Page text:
Draw­ing a new bat­tle line

The Covington News - - The Second Opinion -

For­get con­ser­vatism ver­sus lib­er­al­ism, cap­i­tal­ism against so­cial­ism, or even Democrats fight­ing Republicans. In pick­ing Paul Ryan as his vice pres­i­den­tial run­ning mate, Mitt Rom­ney has drawn a new bat­tle line. Throughout his po­lit­i­cal ca­reer, Paul Ryan has been an out­spo­ken cru­sader in what he calls the “fight be­tween in­di­vid­u­al­ism and col­lec­tivism.”

Sit­ting squarely in the in­di­vid­u­al­ist camp, Ryan draws ideas and in­spi­ra­tion from Rus­sian-Amer­i­can au­thor and philoso­pher Ayn Rand, whose works At­las Shrugged and The Foun­tain­head are re­quired read­ing for his con­gres­sional staff. Speak­ing in 2005, Ryan told At­las So­ci­ety mem­bers, “I grew up on Ayn Rand… The rea­son I got in­volved in pub­lic ser­vice — if I had to credit one thinker, one per­son — it would be Ayn Rand.”

In her writ­ings, Rand preached her phi­los­o­phy of “ob­jec­tivism,” which in­cludes a ba­sic tenet that one’s moral­ity should be di­rected solely by ra­tio­nal self in­ter­est — the pur­suit of one’s own hap­pi­ness. She re­jected as “evil” the no­tion of al­tru­ism or putting an­other’s in­ter­ests above your own. Like Ryan to­day, she railed against col­lec­tivism, writ­ing “Col­lec­tivism means the sub­ju­ga­tion of the in­di­vid­ual to a group — whether to a race, class or state does not mat­ter. Col­lec­tivism holds that man must be chained to col­lec­tive ac­tion and col­lec­tive thought for the sake of what is called ‘the com­mon good.’”

Ryan’s as­cen­dancy in the Repub­li­can Party as House Bud­get Com­mit­tee Chair­man and now pre­sump­tive vice pres­i­den­tial nom­i­nee has him sud­denly seek­ing dis­tance from Rand. In a re­cent Fox News in­ter­view, Brit Hume asked, “Are you a dis­ci­ple of Ayn Rand?” The con­gress­man replied, “No. I re­ally en­joyed her nov­els, At­las Shrugged in par­tic­u­lar… I later in life learned about what her phi­los­o­phy was, it’s called Ob­jec­tivism. It’s some­thing that I com­pletely dis­agree with. It’s an athe­is­tic phi­los­o­phy.”

This new spin is a po­lit­i­cal ne­ces­sity to re­as­sure the GOP’s reli­gious right. Surely those who still in­sist the pres­i­dent is a Mus­lim de­spite 20-plus years of pro­fessed Chris­tian faith and the ab­sence of any other ev­i­dence will not read­ily ac­cept Ryan’s about face?

Back in 2005, Ryan told At­las So­ci­ety mem­bers, “It’s so im­por­tant that we go back to our roots to look at Ayn Rand’s vi­sion, her writ­ings, to see what our gird­ing, un­der rid­ing prin­ci­ples are.” This is not just some nov­el­ist whose works he fan­cied; Ryan refers to Rand the way most politi­cians in­voke the words of our Found­ing Fathers.

I am not at­tack­ing Paul Ryan, and I’m not un­sym­pa­thetic to his views on a dif­fi­cult strug­gle. I just think he’s mis­taken to see the con­flict be­tween in­di­vid­ual rights and com­mon good as a fight that must be waged to the death. That’s what wor­ries me.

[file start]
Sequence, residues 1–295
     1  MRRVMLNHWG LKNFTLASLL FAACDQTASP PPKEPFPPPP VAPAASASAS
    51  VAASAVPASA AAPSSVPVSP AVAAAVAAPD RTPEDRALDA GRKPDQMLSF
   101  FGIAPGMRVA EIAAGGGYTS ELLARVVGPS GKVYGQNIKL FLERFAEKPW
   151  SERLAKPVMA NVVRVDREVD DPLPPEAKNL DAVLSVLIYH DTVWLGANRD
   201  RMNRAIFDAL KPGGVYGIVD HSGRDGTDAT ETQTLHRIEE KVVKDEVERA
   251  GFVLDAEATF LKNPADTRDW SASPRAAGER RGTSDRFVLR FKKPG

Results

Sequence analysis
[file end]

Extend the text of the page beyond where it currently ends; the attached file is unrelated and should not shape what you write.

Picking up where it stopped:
I too read Ayn Rand’s nov­els as a young man. I found in­spi­ra­tion in strong, clear-minded, self-aware, char­ac­ters who cher­ish in­de­pen­dence. Such in­di­vid­u­als are the foun­da­tion of a healthy democ­racy, and we are los­ing ground to­day in fos­ter­ing those val­ues of self-suf­fi­ciency. But, in­di­vid­u­al­ism is not enough. The great in­ven­tions and wa­ter­shed achieve­ments of mankind re­sult from strong, in­tel­li­gent, mo­ti­vated in­di­vid­u­als work­ing col­lec­tively to ac­com­plish more than they could alone.

I re­ject Rand’s (and thus, Ryan’s) bi­nary no­tion of in­di­vid­u­al­ism ver­sus col­lec­tivism. For what­ever flaws we suf­fer in gov­er­nance, I be­lieve in community. I em­brace the vis­i­ble and in­vis­i­ble ties that bind us. I know my ac­tions im­pact oth­ers — not just in my neigh­bor­hood, but also around the globe. My moral­ity says I must own up to the con­se­quences my ac­tions have for all hu­man­ity and for all life on this planet.

As the flight at­ten­dant says when I fly, “Se­cure your own oxy­gen mask be­fore at­tempt­ing to help a child.” I must meet my own ba­sic needs be­fore I can help an­other. But, from there, I have a freely ac­cepted duty to as­sist where I can. And, I count on oth­ers to be there for me. In­ter­de­pen­dence has been part of hu­man ex­is­tence since pre­his­toric men and women first gath­ered in caves for mu­tual pro­tec­tion.

Our so­ci­ety ad­heres to in­di­vid­u­al­is­tic prin­ci­ples of cap­i­tal­ism be­cause we know no bet­ter way. But, most of us also care about some­thing greater than our­selves. We freely risk our well­be­ing in serv­ing our coun­try or sav­ing oth­ers in peril. We see sol­diers as heroes and praise good Sa­mar­i­tans who risk their lives to drag some­one from a burn­ing car or dive into dan­ger­ous wa­ters to res­cue a drown­ing per­son.

Ayn Rand wrote un­apolo­get­i­cally about the “virtue of self­ish­ness.” I hope Paul Ryan means it when said he rejects her phi­los­o­phy. I’m just not sure.

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